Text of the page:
Neither free nor completely determined

in Uncategorized
June 21st, 2011

Free will is a hackneyed topic. Science seems to be telling us that free will doesn’t exist because behavior is governed by the brain and the brain operates on physical rules of cause and effect. There is no such thing as uncaused cause, which free will requires. For some people this is an unbearable notion; these folks hang on to their perceived volition as evidence that they are in fact free to do as they choose, without being constrained by their biology. Others swallow what science has espoused long ago; of these folks, some tend to be pessimistic, thinking that their lack of free will means that everything is pointless and that the best thing they can do for themselves is to blur the line between their behind and a comfortable couch, until scientists discover the new species Homo sofus.

Still others take the absence of free will and choose to not cry over spilled milk. These people don’t allow determinism to lower their outlook on life. Rightly so.

If we grant that we live in a deterministic universe, where the rules of physics dictate that everything has a cause, then free will – defined as the ability to act without prior constraints – is obsolete. But what does determinism actually mean? Just what is the nature of neural processes that act in decision-making? If the brain works by physical rules, shouldn’t we be able to predict with 100% accuracy what effect a certain neural signal will have on subsequent signals?

This is noteworthy because neurotransmission seems to defy these concrete deterministic rules. The probability of neurotransmitter release, for example, is stochastic in nature; given a certain stimulation, it is impossible to predict whether a neuron will release neurotransmitter or not. Only after many experimental stimulations is it possible to find the probability of transmitter release.

The brain makes up for this unreliability with redundant connections, but the question remains whether the concept of stochastic processes may be scaled up to the level of decision-making in the brain. Also, it is not clear if the unpredictability is due to truly random outcomes or some hidden variables that current scientific techniques cannot measure.

This means that not only is the will not free, but that it may also be determined by random events (possibly at the quantum level). One’s actions then are based on genetic makeup, environment and perhaps randomness. I’m afraid this will feed the pessimists’ appetites, but that’s inevitable with every scientific explanation of human nature.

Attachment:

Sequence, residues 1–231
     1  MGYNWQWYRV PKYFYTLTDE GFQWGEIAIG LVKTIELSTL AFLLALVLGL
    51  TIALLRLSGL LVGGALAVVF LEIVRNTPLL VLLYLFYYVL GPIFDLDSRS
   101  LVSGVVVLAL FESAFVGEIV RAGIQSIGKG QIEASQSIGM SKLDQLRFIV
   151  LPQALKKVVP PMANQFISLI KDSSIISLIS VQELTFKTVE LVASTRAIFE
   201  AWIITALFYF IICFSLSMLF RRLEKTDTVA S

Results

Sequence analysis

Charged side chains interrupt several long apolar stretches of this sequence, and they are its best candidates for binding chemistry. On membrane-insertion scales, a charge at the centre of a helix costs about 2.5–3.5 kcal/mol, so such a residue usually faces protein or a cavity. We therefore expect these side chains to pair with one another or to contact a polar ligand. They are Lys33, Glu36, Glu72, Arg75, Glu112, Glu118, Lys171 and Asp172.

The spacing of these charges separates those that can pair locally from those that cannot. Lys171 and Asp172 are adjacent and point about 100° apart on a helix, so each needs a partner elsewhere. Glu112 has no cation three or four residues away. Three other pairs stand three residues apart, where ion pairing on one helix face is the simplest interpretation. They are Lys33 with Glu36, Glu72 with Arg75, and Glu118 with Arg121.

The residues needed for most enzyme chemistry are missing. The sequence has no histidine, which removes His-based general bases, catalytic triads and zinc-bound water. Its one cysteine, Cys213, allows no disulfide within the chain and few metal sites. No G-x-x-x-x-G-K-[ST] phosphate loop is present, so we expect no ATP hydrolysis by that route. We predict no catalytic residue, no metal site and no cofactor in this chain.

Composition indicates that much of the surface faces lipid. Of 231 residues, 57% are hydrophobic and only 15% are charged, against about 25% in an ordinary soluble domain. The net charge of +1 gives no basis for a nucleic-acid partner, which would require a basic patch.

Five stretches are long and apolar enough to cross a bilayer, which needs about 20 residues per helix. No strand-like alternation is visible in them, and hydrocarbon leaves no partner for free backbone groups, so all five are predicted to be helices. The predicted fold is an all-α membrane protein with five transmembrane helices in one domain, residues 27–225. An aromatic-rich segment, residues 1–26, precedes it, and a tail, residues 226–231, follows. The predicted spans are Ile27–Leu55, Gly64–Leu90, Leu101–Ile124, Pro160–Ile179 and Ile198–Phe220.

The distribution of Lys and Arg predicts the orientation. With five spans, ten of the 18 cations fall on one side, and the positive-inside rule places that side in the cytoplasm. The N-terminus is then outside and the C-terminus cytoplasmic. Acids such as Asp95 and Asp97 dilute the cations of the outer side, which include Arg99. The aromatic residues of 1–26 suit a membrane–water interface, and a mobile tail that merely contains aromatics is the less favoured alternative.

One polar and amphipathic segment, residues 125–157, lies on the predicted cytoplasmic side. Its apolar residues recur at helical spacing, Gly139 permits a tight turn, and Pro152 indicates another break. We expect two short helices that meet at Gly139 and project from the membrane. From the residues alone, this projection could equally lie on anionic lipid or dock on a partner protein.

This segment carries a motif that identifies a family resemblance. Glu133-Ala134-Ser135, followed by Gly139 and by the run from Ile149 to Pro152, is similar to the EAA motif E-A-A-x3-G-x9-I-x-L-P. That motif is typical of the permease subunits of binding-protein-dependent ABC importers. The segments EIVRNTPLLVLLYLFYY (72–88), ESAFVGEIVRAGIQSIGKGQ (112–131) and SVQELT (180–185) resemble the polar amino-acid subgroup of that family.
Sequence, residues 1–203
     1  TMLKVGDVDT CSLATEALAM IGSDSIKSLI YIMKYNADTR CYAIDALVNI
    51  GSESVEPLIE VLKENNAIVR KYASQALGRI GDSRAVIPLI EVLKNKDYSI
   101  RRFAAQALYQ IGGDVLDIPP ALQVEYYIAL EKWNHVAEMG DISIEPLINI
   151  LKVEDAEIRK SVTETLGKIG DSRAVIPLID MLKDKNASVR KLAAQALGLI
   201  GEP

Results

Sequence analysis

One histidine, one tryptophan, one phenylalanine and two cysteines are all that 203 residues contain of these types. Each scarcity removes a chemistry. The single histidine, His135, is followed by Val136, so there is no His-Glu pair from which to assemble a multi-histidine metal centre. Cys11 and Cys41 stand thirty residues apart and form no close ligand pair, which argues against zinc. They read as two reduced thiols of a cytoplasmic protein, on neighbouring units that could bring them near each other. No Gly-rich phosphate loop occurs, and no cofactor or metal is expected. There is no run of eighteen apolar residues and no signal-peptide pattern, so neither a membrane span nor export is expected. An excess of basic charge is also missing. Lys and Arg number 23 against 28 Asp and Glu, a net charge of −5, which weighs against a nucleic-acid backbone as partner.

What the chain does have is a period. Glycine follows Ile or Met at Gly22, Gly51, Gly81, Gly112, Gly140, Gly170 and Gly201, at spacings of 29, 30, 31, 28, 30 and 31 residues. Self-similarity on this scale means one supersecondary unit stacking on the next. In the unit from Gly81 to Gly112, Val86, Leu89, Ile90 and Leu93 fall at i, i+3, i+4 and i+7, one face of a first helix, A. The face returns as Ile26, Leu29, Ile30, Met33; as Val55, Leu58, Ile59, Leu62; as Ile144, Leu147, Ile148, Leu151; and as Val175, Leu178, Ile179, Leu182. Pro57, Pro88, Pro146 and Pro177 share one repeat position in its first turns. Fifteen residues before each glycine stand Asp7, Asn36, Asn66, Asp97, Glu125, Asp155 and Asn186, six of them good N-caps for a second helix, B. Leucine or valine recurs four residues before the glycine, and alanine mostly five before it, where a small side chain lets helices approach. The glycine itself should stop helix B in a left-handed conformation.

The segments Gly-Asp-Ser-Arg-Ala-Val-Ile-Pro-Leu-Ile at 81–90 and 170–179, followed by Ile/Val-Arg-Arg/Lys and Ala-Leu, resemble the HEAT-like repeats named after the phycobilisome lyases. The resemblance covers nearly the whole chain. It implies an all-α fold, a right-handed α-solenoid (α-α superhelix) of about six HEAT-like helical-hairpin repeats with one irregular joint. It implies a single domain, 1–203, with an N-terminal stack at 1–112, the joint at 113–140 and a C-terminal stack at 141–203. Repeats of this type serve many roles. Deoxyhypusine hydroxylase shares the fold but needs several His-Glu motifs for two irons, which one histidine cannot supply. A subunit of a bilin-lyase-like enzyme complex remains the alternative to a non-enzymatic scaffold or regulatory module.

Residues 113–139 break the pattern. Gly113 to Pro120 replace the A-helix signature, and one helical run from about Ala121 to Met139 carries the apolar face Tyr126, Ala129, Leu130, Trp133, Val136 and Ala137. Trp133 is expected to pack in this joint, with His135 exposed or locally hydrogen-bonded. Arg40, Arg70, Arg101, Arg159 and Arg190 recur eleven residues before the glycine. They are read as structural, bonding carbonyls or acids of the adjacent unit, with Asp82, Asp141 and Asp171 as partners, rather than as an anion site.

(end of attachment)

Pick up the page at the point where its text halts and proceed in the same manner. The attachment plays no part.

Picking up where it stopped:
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8 Comments on Neither free nor completely determined

  • There is a small movement within Christian circles that emphasizes divine determinism, based on some of the same points raised here.

    The proper response seems to be continuing to “make” decisions and deal with the consequences regardless of whether or not you actually “chose” them.

  • Unfortunately, Josh, the proper response you proposed does not address many of the issues associated with free will. In particular, one of the main concerns about free will has to do with assigning personal responsibility in social and legal contexts.
    Say, for example, as we’ve already seen in certain cases, a man named Barry commits murder, but does so as a diagnosed, unmedicated schizophrenic. Do we hold him responsible? His defense attorney would likely convince the judge that Barry is not responsible, because his brain has a defect that affects his decision making. So here, we’ve assigned free will, and the responsibility we attribute to free agents, to healthy, non-schizophrenic brains.
    But what if we found that all people who had murdered had a very specific brain abnormality. Hitler, the green river killer, John Wilkes Booth – all of them had the same defect in an area of their brain associated with, say, emotional processing, a lesion which when induced in lab mice led to anxiety and murderous ( if mice can murder?) tendencies. Do we now absolve our killers? Send them from high-security prisons to mental institutions?
    Or, on the other hand, what if we could somehow trace the cause of a person’s decision using some awesome time/space/crazy math calculations? What if you could accurately attribute a specific person’s high GPA to presence of a certain neurotransmitter simultaneously combined with a specific home environment? Can you still call that person “smart”? Do laziness, intelligence, cruelty or compassion still count as attributes of a personality? Or are they now simply phenotypes?

    In short, our notion of free will affects not only the functioning of an individual, but that of society as well.

    Greg is good to point out that scientific accounts of human nature often conflict with and confound other approaches. It’s easy to say that there is no free will, that the Behaviorists are right, and consciousness doesn’t even exist! But it’s important to note that as of yet, science has actually revealed very little about the nature of decision making, consciousness, or even the perception of color. Let’s hope that as we begin to scratch the surface of the mind, there will be reason for optimism.

  • Wow, Greg, I just watched that video you posted that says everything I just said. I am a fool.

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  • The problem for free will is that both determinism and randomness make it impossible. Most importantly, there is no third option.

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